Dan Lee also stated that, shortly after the fighting, he observed a police officer arrest John Lee, one of the co-defendants, at a time when the officer had a cane in his hand. Dan Lee testified that he never saw the cane in John Lee's hand. The police officer had, however, testified that he had observed the defendant, John Lee, swinging the cane inside The Club, and had chased John Lee outside where he removed the cane from that defendant. The cane was admitted into evidence over the objection of the defense.

After hearing the evidence, the jury returned verdicts finding four of the defendants, including Dan Lee, guilty on Counts I and II of the indictment, finding one of the defendants guilty on Count I, finding two of the defendants not guilty on all counts, and finding all of the defendants not guilty on Count III. The trial court entered judgment of conviction against the defendant Dan Lee on Count II of the indictment, and sentenced him as we have indicated.

In People v. Lee (3d Dist. 1976), 44 Ill. App.3d 43, 357 N.E.2d 888, we reversed the convictions of John Lee and Patrick Hunt, two defendants in the trial who did not testify at the trial, on the ground that IPI Criminal No. 2.04, relating to defendant's failure to testify, was given to the jury over the objection of those defendants. The instant appeal, however, is brought solely by defendant Dan Lee, who did testify in the trial, and does not directly raise the issue on which the convictions of John Lee and Patrick Hunt were reversed.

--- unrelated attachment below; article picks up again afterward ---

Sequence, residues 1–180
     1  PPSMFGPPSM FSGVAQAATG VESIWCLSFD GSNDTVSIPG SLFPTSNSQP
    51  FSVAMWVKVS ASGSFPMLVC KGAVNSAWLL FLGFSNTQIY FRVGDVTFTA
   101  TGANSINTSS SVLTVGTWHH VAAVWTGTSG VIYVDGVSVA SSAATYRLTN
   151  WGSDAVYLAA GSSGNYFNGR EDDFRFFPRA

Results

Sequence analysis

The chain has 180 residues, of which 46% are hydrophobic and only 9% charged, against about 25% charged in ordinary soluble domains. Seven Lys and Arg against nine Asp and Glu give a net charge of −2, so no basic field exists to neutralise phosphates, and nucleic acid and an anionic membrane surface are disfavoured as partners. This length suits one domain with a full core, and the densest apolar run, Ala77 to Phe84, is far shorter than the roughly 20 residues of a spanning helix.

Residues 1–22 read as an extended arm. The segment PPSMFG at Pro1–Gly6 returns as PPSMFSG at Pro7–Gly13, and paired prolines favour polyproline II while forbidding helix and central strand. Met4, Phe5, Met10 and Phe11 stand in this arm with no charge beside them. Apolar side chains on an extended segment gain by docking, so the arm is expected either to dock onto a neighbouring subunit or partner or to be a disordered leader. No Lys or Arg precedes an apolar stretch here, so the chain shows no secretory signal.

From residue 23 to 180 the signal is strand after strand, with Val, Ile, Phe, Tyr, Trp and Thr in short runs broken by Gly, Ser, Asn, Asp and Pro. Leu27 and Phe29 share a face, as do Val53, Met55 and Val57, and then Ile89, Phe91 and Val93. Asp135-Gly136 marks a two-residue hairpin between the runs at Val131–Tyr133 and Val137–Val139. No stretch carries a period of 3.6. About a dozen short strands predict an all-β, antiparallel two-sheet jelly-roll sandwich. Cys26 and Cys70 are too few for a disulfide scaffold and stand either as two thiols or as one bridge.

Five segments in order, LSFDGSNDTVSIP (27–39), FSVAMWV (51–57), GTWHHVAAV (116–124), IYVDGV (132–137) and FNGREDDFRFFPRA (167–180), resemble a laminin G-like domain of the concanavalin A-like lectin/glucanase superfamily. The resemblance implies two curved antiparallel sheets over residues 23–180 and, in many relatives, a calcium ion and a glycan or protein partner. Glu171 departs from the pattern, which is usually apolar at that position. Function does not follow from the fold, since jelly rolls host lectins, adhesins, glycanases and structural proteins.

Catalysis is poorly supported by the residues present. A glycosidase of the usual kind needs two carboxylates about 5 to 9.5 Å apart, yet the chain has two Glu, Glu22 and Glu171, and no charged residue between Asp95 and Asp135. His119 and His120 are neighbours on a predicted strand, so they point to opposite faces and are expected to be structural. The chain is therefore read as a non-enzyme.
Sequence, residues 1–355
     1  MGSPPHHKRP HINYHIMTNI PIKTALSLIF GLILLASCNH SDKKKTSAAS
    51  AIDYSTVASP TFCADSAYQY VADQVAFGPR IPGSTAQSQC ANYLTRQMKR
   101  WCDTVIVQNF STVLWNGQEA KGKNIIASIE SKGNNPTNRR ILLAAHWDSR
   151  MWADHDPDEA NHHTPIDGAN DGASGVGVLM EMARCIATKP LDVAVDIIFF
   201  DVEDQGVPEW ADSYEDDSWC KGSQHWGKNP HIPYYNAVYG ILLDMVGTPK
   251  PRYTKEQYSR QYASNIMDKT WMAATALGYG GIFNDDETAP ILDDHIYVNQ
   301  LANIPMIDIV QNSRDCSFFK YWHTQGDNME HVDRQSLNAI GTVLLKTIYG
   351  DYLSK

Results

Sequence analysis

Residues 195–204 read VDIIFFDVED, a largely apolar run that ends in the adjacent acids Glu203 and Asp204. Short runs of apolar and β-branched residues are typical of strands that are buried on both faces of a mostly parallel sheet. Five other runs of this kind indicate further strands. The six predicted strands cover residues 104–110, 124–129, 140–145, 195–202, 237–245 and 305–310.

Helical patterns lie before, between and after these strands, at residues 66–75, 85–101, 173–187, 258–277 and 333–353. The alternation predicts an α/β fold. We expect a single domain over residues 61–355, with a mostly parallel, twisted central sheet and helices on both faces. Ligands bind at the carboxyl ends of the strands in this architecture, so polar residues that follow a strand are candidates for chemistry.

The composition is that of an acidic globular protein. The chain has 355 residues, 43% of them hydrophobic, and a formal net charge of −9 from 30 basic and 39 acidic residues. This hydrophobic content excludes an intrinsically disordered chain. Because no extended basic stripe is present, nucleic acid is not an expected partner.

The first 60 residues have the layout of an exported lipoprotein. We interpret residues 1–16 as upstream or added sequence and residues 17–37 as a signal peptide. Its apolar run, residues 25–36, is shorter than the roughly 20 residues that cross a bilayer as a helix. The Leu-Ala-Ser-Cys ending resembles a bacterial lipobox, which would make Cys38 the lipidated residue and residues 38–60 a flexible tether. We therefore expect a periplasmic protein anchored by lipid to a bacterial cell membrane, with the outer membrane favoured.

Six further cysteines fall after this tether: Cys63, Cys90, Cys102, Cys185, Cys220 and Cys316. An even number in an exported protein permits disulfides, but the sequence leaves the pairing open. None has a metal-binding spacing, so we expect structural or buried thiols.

• 1 As we have noted, an argument is made by defendant on this appeal to the effect that the State failed to prove beyond a reasonable doubt that defendant was armed with a dangerous weapon, a material allegation of Counts I and II of the indictment. As has been noted in the case of People v. Stringer (1972), 52 Ill.2d 564, 568, 289 N.E.2d 631:

"`[W]e may not substitute our judgment for that of a jury on questions involving the weight of the evidence or the credibility of the witnesses [citations], and we will not reverse a criminal conviction unless the evidence is so improbable as to raise a reasonable doubt of guilt.' (People v. Mills, 40 Ill.2d 4, 19; accord, People v. Nicholls, 44 Ill.2d 533."

At the trial, five witnesses, including one victim, testified that the defendant had a cane, bat, pipe or club in his hand. In such circumstances, we cannot say that the evidence is so improbable as to raise a reasonable doubt that defendant was armed with some type of cane or ...